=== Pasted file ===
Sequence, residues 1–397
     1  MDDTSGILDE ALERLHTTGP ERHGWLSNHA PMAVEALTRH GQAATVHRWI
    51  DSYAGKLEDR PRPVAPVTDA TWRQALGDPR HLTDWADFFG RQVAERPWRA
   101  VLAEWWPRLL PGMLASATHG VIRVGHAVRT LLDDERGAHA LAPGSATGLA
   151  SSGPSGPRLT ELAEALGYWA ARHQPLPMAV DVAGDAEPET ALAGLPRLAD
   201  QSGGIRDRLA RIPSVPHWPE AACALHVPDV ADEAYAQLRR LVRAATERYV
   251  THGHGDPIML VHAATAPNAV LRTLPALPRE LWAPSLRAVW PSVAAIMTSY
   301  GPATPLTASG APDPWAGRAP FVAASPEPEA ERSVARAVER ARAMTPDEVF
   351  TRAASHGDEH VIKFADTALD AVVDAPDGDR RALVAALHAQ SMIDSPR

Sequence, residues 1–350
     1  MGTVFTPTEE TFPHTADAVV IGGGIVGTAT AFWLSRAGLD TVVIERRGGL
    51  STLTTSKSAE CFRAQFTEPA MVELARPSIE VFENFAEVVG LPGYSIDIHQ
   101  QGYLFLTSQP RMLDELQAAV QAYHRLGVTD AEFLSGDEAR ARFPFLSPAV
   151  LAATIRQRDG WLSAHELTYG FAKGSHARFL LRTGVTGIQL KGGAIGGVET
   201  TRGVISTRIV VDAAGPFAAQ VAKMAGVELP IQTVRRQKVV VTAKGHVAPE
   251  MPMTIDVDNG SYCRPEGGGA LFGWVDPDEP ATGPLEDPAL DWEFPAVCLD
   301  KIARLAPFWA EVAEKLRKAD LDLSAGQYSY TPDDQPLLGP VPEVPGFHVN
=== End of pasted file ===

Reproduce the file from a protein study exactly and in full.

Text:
Sequence, residues 1–397
     1  MDDTSGILDE ALERLHTTGP ERHGWLSNHA PMAVEALTRH GQAATVHRWI
    51  DSYAGKLEDR PRPVAPVTDA TWRQALGDPR HLTDWADFFG RQVAERPWRA
   101  VLAEWWPRLL PGMLASATHG VIRVGHAVRT LLDDERGAHA LAPGSATGLA
   151  SSGPSGPRLT ELAEALGYWA ARHQPLPMAV DVAGDAEPET ALAGLPRLAD
   201  QSGGIRDRLA RIPSVPHWPE AACALHVPDV ADEAYAQLRR LVRAATERYV
   251  THGHGDPIML VHAATAPNAV LRTLPALPRE LWAPSLRAVW PSVAAIMTSY
   301  GPATPLTASG APDPWAGRAP FVAASPEPEA ERSVARAVER ARAMTPDEVF
   351  TRAASHGDEH VIKFADTALD AVVDAPDGDR RALVAALHAQ SMIDSPR

Sequence, residues 1–350
     1  MGTVFTPTEE TFPHTADAVV IGGGIVGTAT AFWLSRAGLD TVVIERRGGL
    51  STLTTSKSAE CFRAQFTEPA MVELARPSIE VFENFAEVVG LPGYSIDIHQ
   101  QGYLFLTSQP RMLDELQAAV QAYHRLGVTD AEFLSGDEAR ARFPFLSPAV
   151  LAATIRQRDG WLSAHELTYG FAKGSHARFL LRTGVTGIQL KGGAIGGVET
   201  TRGVISTRIV VDAAGPFAAQ VAKMAGVELP IQTVRRQKVV VTAKGHVAPE
   251  MPMTIDVDNG SYCRPEGGGA LFGWVDPDEP ATGPLEDPAL DWEFPAVCLD
   301  KIARLAPFWA EVAEKLRKAD LDLSAGQYSY TPDDQPLLGP VPEVPGFHVN